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Improve Your Proposals With Video and PandaDoc | Marketing Minute

Improve Your Proposals With Video and PandaDoc | Marketing Minute #003


Cory Abry here, Inbound Specialist at Bluleadz with another BZ Marketing Minute for you. I wanted to talk about how, recently, we switched over to PandaDoc for our proposal software.

Something we've been doing for a long time, probably a couple of years now, is creating videos of the team, introducing our new clients to the team that's going to be working on their account, doing everything amazing. And one thing that PandaDoc allows us to do, that I wanted to share, is we can embed these videos that we send the prospects right inside the proposal, versus sending it before or afterwards.

While they're going through the proposal, they can click on it and see all the team members. So I would highly advise, if you're not using a proposal software that allows some sort of video embedding, look into it—especially PandaDoc, because it's fantastic and it adds a lot of value for the first impression you're making to their team.

View Transcript

Sales proposals are vital to the success of your company. So how do you stand out and make a real impact on your prospects? 

Cory explains how important our proposal software is for delivering excellent sales proposals to our prospects. Your proposals make or break the success of your sales team's ability to close deals. 

Here's a look at five elements you need to create successful sales proposals. 

5 Elements of an Awesome Sales Proposal

1. Prospect-Centric

Your proposal needs to be focused on the prospect, not you or your brand. Remember, at this stage, they're already excited about you and your products and services. 

Be thorough and describe the scope of the work and explain how it will benefit them in great detail. But remember that they're busy, so keep it concise, yet informative. 

2. Expectations

The proposal needs to establish clear expectations. Prospects don't want to be surprised after they sign, so make sure you lay it all out in a clear way. Ensure the proposal is easy to understand from their perspective. 

For example, if you're performing technical services, write about it at a level that a layperson can comprehend. They don't have the level of knowledge or expertise you have, so educate them on the why and the how of the project they're signing for. 


Also, include customer testimonials to demonstrate past successes and address their concerns they may have. If they're worried about the level of support your team will provide during the project, a glowing testimonial that celebrates your service team might be exactly what they want to hear to put them at ease.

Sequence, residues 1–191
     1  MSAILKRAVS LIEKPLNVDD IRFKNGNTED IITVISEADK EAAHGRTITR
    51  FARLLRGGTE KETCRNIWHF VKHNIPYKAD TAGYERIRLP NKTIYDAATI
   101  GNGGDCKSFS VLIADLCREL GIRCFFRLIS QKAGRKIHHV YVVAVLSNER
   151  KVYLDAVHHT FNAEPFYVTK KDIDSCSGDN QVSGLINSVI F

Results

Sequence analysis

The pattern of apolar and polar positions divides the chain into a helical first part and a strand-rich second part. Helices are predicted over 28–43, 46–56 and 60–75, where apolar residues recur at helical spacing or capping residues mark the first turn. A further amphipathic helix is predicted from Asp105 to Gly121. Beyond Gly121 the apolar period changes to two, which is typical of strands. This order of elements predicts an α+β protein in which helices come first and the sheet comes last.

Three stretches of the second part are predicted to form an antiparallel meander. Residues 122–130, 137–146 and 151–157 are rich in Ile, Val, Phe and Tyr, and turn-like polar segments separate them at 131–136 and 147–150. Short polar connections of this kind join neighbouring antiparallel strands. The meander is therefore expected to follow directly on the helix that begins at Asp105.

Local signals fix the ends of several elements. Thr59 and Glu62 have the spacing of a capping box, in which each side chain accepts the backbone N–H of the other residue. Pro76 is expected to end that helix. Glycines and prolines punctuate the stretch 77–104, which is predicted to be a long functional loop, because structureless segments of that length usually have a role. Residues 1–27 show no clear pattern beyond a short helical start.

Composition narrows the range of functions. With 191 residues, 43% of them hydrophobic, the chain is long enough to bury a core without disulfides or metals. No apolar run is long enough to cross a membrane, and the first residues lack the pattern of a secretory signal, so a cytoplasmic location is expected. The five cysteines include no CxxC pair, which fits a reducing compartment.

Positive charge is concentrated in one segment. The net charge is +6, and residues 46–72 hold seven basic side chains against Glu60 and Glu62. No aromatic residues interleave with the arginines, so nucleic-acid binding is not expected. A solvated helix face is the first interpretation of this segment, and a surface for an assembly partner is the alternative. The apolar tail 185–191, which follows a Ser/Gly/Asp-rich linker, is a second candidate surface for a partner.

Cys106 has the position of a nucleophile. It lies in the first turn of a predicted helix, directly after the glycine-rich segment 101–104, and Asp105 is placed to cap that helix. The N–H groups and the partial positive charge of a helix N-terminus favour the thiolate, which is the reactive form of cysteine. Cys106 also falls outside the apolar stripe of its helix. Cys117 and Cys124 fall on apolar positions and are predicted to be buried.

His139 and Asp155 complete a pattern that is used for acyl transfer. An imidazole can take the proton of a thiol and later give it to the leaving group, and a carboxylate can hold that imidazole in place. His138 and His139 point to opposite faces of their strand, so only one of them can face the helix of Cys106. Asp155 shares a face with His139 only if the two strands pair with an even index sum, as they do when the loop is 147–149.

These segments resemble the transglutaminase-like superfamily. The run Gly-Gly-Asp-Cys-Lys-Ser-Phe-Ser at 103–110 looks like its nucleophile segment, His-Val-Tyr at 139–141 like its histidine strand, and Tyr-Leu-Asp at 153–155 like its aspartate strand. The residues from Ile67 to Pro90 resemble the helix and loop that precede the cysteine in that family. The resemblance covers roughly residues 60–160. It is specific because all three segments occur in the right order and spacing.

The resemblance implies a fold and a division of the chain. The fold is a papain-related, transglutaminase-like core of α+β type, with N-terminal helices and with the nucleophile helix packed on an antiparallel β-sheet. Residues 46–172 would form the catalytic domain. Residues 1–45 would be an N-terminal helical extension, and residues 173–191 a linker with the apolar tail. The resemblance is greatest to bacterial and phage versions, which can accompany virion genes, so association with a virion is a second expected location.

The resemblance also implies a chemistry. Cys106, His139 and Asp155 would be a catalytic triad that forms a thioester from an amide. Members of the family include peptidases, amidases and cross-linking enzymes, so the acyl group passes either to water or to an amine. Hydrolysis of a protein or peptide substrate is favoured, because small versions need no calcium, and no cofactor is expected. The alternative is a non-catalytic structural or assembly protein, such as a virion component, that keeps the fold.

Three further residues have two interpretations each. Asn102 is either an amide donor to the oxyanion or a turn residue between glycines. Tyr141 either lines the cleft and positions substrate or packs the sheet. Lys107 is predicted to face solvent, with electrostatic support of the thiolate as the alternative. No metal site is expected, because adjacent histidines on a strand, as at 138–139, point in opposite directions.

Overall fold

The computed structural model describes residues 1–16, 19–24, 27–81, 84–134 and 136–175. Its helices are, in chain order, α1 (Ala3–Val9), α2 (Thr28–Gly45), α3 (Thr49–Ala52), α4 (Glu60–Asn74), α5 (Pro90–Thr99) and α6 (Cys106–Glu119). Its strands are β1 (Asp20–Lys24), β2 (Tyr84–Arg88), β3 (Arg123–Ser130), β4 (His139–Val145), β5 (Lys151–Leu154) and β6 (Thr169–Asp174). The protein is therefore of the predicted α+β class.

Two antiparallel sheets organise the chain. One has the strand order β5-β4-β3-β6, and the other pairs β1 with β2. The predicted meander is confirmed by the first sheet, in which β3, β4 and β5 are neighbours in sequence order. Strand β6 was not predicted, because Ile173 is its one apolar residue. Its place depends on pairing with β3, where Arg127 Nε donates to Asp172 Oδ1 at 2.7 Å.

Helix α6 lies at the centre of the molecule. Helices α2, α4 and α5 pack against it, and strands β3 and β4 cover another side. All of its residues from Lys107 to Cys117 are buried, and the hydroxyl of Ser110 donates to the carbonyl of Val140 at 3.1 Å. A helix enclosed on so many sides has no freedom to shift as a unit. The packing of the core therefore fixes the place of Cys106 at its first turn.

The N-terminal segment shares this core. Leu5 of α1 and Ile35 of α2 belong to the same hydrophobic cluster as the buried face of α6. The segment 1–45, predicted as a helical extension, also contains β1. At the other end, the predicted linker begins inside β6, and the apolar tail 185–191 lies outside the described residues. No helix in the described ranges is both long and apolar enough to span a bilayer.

3. Personalization

Put a name and a face to the team who they're going to be working with. You want prospects to be as comfortable as they can be so they're not worried about committing to you and your organization. 

As Cory mentioned, we record a welcome video, introducing all of our team members to the prospect. This sheds some light on our culture and showcases everyone's fun, unique personality. 

Thanks to PandaDoc, our prospects can watch the video and get to know our team in a unique, human way while reviewing the proposal. Delivering all of this in one document is convenient for them because they can discuss it with their team by sharing one file. 

4. Transparent Pricing

Nothing is more off-putting than shady pricing and unclear cost breakdowns. You want to lay out all the costs for every product or service the prospect is looking to use. 


Use a cleanly formatted table to break down options and pricing so they can better visualize their choices. Lay out what each charge is associated with, breaking down each subtotal and the total at the bottom of the pricing table. 

5. Clear Terms

Your sales contract should be easy to comprehend and comprehensive, laying out exactly what the prospect is agreeing to. Sections of the contract portion of the proposal should include details on what product/service is being purchased, the final payment amount, information on what happens if the client defaults on the contract, warranty details, and applicable law.

Before sending the proposal, review all the contract terms with legal counsel. This way, you have peace of mind, knowing that you're covered legally. 

Did you find the info in this Marketing Minute helpful? Check out our blog or YouTube channel for more sales and marketing tips to step up your own efforts!

How To Serve Up Better Leads To Your Sales Team

Alex Dunn

Alex Dunn

Alex is a University of South Florida mass communications graduate and Video/Media Specialist at Bluleadz. He is a big movie nerd, loves (possibly dangerous) concerts and enjoys taunting co-workers with a camera. He's probably seen The Royal Tenenbaums 14 times by now.